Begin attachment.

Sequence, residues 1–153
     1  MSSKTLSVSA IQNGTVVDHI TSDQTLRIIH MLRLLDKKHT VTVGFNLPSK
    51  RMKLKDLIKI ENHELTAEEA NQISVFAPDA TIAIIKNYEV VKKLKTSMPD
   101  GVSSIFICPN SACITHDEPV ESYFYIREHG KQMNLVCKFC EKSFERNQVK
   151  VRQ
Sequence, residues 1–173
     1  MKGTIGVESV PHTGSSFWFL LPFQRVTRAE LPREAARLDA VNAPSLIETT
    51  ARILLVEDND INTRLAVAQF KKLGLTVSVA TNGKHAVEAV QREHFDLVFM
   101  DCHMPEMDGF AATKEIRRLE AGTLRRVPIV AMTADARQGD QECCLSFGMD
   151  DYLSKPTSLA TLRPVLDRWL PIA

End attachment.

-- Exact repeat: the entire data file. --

Sequence, residues 1–153
     1  MSSKTLSVSA IQNGTVVDHI TSDQTLRIIH MLRLLDKKHT VTVGFNLPSK
    51  RMKLKDLIKI ENHELTAEEA NQISVFAPDA TIAIIKNYEV VKKLKTSMPD
   101  GVSSIFICPN SACITHDEPV ESYFYIREHG KQMNLVCKFC EKSFERNQVK
   151  VRQ
Sequence, residues 1–173
     1  MKGTIGVESV PHTGSSFWFL LPFQRVTRAE LPREAARLDA VNAPSLIETT
    51  ARILLVEDND INTRLAVAQF KKLGLTVSVA TNGKHAVEAV QREHFDLVFM
   101  DCHMPEMDGF AATKEIRRLE AGTLRRVPIV AMTADARQGD QECCLSFGMD
   151  DYLSKPTSLA TLRPVLDRWL PIA